Back in my youth in the early eighties, I ran across an indie comic at a science fiction convention. It was called Elfquest.
I had never seen a comic like this before. It was in a larger format, was detailed black & white and didn’t have superheroes or any characters I was familiar with. The style was also . . . well, it drew me in as soon as I looked at it. It was done by a husband and wife team named Wendy and Richard Pini. I snapped up the first issue, went to a quiet corner and read through it. Then I went back and grabbed all the issues I could afford (#1-6.) I read through the first six issues over and over for the next few months, wishing I could get my hands on the following issues (this was before the rise of comic shops throughout the country.) I started drawing obsessively by copying her art.
A couple of years later I found a new, local comic shop (B&D Comics) and found the rest of the issues up to that point. I was astounded yet again at not only the artwork, but the writing and storytelling. Keep in mind that at this point, independent comics were in their larval stage and anything other than Marvel and D.C. were considered ‘odd’. I entered the D&D addiction around the same time and Elfquest and D&D went together like bullets and guns. For a couple of years I was elf-crazed.
Moreover, all of this was done by a girl. A girl! Hell, I was only vaguely familiar with females at the time, and in a purely theoretical fashion. I was incredibly shy and introverted and in Middle School–a hellish combination. Here was one of these mythical female creatures doing amazing writing and drawing in a genre I loved. What sorcery was this?
Other Elfquest books started appearing on regular bookstores in malls during this period. Not only were they pretty and glossy, but were in color. A few years later and Marvel Comics starting reprinting the comics in a standard comic book format.
(The story goes that Wendy and Richard went to Marvel and pitched Elfquest to them and were turned down flat. Years later after they had exploded in the indie market, Marvel approached them to allow them to reprint Elfquest in their Epic line of creator-owned comics. I can only imagine how satisfying that felt.)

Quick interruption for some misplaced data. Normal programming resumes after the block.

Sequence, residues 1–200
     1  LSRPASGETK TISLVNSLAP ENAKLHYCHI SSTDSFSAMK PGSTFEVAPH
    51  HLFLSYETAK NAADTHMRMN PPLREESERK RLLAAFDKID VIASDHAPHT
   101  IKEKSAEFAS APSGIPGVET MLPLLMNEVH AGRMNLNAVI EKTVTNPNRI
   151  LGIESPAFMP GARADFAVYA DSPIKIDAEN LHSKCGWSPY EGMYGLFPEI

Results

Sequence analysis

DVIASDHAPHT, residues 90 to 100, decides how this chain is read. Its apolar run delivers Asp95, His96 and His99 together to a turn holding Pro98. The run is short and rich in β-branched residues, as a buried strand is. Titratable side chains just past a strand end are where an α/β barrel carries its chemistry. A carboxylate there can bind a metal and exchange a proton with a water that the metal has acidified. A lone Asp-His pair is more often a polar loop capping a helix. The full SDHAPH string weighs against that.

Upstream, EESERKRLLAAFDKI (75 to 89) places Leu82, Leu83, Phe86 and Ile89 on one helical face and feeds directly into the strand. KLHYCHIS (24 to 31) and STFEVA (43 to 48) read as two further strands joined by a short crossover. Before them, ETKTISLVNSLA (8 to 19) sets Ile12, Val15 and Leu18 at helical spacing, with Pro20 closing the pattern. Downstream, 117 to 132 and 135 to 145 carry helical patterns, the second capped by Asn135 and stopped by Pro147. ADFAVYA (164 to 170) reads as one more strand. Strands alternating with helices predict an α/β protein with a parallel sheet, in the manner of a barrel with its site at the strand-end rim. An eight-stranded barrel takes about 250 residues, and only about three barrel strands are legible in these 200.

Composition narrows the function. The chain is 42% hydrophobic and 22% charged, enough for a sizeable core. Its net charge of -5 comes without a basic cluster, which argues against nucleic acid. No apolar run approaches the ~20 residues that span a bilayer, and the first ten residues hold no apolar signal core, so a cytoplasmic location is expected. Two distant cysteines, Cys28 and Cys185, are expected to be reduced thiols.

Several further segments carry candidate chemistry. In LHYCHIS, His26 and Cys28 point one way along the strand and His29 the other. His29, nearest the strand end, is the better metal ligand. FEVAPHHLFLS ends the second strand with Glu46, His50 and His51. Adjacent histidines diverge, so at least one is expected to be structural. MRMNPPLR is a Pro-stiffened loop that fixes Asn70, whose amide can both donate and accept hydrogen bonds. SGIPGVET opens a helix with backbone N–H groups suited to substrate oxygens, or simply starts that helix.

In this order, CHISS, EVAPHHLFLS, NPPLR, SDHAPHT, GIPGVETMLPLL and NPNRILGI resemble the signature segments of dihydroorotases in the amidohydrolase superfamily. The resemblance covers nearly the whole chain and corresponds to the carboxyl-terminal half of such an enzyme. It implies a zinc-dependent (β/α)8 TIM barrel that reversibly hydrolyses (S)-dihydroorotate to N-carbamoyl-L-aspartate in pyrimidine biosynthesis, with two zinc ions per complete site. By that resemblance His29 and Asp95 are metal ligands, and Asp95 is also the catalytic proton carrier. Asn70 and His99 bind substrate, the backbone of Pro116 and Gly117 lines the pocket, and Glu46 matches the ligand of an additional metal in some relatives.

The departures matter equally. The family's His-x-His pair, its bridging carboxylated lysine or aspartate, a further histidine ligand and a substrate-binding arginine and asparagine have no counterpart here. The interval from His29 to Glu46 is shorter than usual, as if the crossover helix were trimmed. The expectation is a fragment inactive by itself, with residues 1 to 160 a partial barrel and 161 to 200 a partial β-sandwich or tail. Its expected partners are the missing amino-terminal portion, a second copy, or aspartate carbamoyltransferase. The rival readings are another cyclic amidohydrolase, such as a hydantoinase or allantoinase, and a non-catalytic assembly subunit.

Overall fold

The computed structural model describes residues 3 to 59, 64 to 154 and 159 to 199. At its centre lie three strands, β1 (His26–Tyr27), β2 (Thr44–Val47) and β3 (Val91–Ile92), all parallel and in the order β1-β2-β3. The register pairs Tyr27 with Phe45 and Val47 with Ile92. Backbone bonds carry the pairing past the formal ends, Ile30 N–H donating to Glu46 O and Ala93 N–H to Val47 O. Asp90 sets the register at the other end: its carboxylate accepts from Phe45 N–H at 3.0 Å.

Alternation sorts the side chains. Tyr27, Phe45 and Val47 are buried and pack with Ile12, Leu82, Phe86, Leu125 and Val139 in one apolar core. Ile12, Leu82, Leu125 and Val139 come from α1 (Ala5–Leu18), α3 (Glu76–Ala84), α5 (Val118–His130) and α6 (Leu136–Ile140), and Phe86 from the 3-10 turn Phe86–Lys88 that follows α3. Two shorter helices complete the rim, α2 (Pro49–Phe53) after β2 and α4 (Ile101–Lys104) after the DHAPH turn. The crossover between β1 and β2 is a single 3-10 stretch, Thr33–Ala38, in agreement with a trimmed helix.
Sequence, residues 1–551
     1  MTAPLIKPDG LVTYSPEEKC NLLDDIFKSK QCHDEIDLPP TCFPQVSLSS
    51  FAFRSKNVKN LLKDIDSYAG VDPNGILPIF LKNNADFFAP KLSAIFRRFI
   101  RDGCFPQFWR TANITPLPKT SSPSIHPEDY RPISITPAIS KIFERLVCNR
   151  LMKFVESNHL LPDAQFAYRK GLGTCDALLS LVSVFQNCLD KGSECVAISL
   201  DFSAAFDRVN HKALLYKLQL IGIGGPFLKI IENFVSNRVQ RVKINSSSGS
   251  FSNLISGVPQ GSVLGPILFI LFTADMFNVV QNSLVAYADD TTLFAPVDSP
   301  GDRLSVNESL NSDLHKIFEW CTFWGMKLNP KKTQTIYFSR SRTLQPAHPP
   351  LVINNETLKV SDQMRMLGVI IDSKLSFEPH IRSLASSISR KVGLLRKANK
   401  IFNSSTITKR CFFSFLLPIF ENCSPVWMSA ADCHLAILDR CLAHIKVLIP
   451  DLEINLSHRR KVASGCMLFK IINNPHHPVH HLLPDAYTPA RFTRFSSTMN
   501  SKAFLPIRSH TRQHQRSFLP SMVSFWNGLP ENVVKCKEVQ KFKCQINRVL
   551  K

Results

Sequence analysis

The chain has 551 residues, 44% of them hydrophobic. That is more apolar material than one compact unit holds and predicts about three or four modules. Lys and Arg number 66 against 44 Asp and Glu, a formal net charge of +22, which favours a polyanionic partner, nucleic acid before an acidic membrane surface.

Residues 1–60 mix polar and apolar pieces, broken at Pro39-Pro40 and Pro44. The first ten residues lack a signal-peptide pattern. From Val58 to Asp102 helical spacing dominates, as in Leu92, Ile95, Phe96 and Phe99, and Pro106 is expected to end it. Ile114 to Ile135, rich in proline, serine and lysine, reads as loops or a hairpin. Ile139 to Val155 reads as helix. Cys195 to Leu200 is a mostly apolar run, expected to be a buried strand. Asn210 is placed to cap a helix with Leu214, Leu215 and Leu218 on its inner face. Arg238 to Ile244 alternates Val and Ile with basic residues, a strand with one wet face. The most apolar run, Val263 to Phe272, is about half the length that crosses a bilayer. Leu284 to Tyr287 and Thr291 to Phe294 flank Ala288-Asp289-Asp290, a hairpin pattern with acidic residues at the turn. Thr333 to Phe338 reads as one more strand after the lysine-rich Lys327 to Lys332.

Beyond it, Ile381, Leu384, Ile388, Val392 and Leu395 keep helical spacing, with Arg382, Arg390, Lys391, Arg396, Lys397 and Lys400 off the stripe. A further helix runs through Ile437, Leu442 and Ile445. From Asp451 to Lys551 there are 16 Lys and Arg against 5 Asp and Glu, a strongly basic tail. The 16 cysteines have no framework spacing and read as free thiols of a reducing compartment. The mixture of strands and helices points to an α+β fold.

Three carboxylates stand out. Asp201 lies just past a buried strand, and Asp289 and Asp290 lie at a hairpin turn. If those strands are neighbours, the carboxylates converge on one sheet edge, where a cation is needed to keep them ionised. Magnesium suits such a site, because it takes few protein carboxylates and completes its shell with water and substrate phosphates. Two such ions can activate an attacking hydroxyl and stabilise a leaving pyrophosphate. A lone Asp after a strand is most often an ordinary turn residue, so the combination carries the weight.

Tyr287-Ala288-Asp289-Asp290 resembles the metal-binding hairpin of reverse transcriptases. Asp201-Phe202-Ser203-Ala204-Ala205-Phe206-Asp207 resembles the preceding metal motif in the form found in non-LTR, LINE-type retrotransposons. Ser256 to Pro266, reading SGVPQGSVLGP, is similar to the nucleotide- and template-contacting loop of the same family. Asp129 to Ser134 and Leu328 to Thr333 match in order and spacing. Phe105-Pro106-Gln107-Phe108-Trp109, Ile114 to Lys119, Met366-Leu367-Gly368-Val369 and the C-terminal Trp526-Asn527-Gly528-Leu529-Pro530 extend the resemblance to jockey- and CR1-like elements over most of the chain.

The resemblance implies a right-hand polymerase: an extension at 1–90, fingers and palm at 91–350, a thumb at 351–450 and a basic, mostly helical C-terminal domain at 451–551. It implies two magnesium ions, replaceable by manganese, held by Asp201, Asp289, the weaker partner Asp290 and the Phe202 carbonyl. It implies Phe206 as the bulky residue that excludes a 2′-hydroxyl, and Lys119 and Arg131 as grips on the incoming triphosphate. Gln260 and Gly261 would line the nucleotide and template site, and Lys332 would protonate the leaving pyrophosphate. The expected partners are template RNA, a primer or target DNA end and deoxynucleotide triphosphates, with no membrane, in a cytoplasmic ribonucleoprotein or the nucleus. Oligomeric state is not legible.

I digress, however. Elfquest is amazing, but I want to talk primarily about Wendy. As the years passed, I picked up more information about her. About her “Law & Chaos” project, for instance. She had tried to put together an animated movie of an Elric story, all by herself. For those unfamiliar, Elric was the brooding, elvish anti-hero of Michael Moorcock. The project failed, as you might have imagined due to the massive efforts required to make even a short animated film, but does show the awesome level of commitment this woman had to her artwork.
What truly shows her dedication to her craft is the flawless narrative artwork she has. Her primary goal in her artwork is to tell a story–and she does it flawlessly. One of my biggest beefs with newer comic artists is the lack of clear storytelling. Sure, they can put together pretty pictures, but you often don’t understand the story without the dialogue. A good artist should be able to tell a story without a single bit of dialogue. Wendy could do it and make it look easy.
That kind of narrative art is rare these days. The comics look great but too many artists are so busy making gorgeous illustrations that they neglect to tell a clear story, wherein you never doubt where the characters are or what they are doing.
Despite the success of Elfquest, Wendy gets little recognition from the comics industry. When I was in the Joe Kubert School, I showed some of her artwork to one of the instructors. He looked through it in astonishment and said something to the effect of “This is great! Who is this person?” My jaw dropped.
You can drop names like Todd McFarlane, John Byrne, or Jim Lee and you’ll get tons of fanboy recognition. Wendy Pini? No, not so much. Not sure why. Because she’s a woman? Maybe. Or maybe because her unconventional subject matter, including the Masque of the Red Death.
On a more amusing note, I found out just a few years ago that she used to dress up like Red Sonja for a show she did with Frank Thorne at conventions called “Sonja and the Wizard”. Amazing how much the woman captured the part!
Do yourself a favor and read through her works and give her some support. She’s earned it a dozen times over.